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Wednesday, February 24, 2010

On the Water, Part I

It was the perfect way for a Pisces to spend his birthday! Dolphins swam alongside Captain Steve’s boat as we made our way out the channel from Aripeka.

This part of the west coast of Florida consists of a coral shelf extending far out from shore, and the general rule is that you gain a foot of depth for each mile out you go, which means you have to go out two miles to get two feet of water, so it’s absolutely crucial to stay within channel markers on the way out (green on your right) and back (red, right, return).

I’m from Michigan. Freshwater is my natural playground, and when it comes to boats I’ve always been more interested in paddling along riverbanks and exploring shorelines than in being miles from shore. Even out on Lake Michigan, open water has never called to me as it does to some. [link “Mother, Mother Ocean”] But being out on that vast, watery expanse on a bright, clear day, with enough clouds to be interesting and enough breeze to be refreshing--it’s not bad at all! A friend of mine once told me her children found Michigan’s Upper Peninsula “boring,” because it was miles and miles of “nothing but trees.” As far as I’m concerned, there are no two tree-lined miles the same, and I never tire of U.P. scenery, a comparison that came to my mind Sunday, out on the Gulf of Mexico, where all around us there was nothing but water and sky. Boring? Not at all, since for 360 degrees we had unobstructed views of imitless shades of color and ever-changing effects of light. Look into the sun or away from it, back toward land or out towards Mexico, up at the sky, across or down into the water--every look revealed something new, no two moments alike.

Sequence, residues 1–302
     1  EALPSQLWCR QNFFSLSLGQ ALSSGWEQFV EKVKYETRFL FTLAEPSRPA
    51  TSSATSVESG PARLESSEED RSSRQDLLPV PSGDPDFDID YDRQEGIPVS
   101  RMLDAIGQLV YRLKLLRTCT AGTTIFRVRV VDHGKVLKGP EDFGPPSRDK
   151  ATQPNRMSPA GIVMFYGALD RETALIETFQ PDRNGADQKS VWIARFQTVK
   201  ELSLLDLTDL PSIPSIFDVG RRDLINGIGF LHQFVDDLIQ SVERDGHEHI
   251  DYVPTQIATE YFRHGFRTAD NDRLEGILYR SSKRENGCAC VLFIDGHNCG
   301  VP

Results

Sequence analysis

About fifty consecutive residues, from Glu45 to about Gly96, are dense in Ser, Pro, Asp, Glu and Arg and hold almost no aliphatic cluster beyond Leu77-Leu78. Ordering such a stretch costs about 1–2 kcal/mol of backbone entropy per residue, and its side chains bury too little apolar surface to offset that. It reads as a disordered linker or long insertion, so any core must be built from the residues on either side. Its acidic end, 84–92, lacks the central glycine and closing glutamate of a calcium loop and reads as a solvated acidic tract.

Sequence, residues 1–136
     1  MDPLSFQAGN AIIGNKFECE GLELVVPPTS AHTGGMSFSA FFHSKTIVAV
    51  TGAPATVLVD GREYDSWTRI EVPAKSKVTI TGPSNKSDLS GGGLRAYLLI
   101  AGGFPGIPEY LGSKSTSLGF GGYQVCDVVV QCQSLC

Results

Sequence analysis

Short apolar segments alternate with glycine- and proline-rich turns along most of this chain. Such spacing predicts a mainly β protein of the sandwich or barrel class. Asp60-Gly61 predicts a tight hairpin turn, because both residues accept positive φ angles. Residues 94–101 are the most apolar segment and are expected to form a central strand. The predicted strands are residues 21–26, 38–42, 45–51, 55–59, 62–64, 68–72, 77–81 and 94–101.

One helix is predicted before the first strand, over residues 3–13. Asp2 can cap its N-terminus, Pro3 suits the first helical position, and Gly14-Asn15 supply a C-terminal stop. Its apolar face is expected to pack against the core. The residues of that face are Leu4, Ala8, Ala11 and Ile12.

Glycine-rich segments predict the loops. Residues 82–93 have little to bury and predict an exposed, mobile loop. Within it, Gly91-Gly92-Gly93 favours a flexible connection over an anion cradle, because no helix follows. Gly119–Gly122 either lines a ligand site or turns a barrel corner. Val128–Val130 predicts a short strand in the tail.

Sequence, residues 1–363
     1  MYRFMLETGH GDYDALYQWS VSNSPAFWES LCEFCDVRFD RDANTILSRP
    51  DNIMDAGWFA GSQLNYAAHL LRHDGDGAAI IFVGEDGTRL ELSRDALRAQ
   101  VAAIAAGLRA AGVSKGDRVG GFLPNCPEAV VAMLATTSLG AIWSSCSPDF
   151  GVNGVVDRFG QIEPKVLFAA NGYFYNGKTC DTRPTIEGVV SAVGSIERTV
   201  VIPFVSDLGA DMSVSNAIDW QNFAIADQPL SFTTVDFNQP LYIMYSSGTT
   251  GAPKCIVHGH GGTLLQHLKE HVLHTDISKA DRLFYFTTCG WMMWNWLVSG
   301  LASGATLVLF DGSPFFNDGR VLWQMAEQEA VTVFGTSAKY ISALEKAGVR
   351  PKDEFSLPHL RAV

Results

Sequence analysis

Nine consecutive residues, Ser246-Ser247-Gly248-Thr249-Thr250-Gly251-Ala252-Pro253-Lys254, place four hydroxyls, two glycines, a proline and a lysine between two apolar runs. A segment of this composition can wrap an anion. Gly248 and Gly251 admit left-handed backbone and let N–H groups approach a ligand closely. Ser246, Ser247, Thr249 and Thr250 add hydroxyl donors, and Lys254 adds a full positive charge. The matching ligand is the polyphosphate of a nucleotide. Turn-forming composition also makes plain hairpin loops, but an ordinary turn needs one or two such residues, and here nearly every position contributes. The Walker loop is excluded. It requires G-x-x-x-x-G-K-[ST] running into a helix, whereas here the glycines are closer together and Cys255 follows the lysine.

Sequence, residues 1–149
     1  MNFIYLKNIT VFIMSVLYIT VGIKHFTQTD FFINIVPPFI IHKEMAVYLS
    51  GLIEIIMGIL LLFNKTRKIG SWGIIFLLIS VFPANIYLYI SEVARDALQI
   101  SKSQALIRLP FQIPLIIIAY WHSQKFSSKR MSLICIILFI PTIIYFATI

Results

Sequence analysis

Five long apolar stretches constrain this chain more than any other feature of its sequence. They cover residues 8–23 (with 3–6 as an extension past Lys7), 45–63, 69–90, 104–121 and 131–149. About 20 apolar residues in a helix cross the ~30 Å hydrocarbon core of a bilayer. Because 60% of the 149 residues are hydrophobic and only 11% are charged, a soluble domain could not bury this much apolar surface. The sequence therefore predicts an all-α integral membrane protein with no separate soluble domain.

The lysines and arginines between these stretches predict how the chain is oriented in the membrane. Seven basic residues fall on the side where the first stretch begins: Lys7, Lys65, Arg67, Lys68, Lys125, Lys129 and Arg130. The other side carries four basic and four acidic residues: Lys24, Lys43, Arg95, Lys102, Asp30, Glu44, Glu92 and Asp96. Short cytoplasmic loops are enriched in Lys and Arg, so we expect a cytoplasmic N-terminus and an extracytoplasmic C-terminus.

Steve and Michael and David and I set out from Aripeka, going west into the Gulf, then paralleling the curve of the coast before taking another channel back in to Hernando Beach, where we picked up Sean, Pam, Brenda, Willie and Sandy. The canals of Hernando Beach are crowded with houses that provided lots of little visual surprises.

Back out again, then, past the dredge boats, back out onto open water under open skies. This was such a beautiful day, and I have so many pictures that I’m going to stretch the saga out over three posts, ending here for today. There will be birds in the next post, not just water and sky.


Dawn said...

Sometimes hard to tell where sky and water meet, it's all a blue wonderland! I agree, miles and miles of trees is a wonderful thing in the UP, in conjunction with miles and miles or shoreline, and miles and miles of water. Love the colored bottle photo...the whole channel part would be fun in a small boat so you could get up close and personal with interesting things. Can't wait for your next installment!

Anonymous said...

Nothing quite so fine as messing about in boats. Or something like that. You know.

I enjoyed the cruise. Tomorrow I'm going to make myself one of those silly drinks with a paper parasol in it before I tune in for part II.

Something about that little canalside party hut in Hernando Beach grabbed me the way nothing else about Florida ever has. I am in serious need of a vacation.

P. J. Grath said...

You are right on my wave length, Dawn and Gerry! Others in our boat did not notice the bottles of color, and one Hernando Beach resident was happy to tell me that the little hut will soon go the way of the dodo, but to me it's the funky stuff that's the most interesting.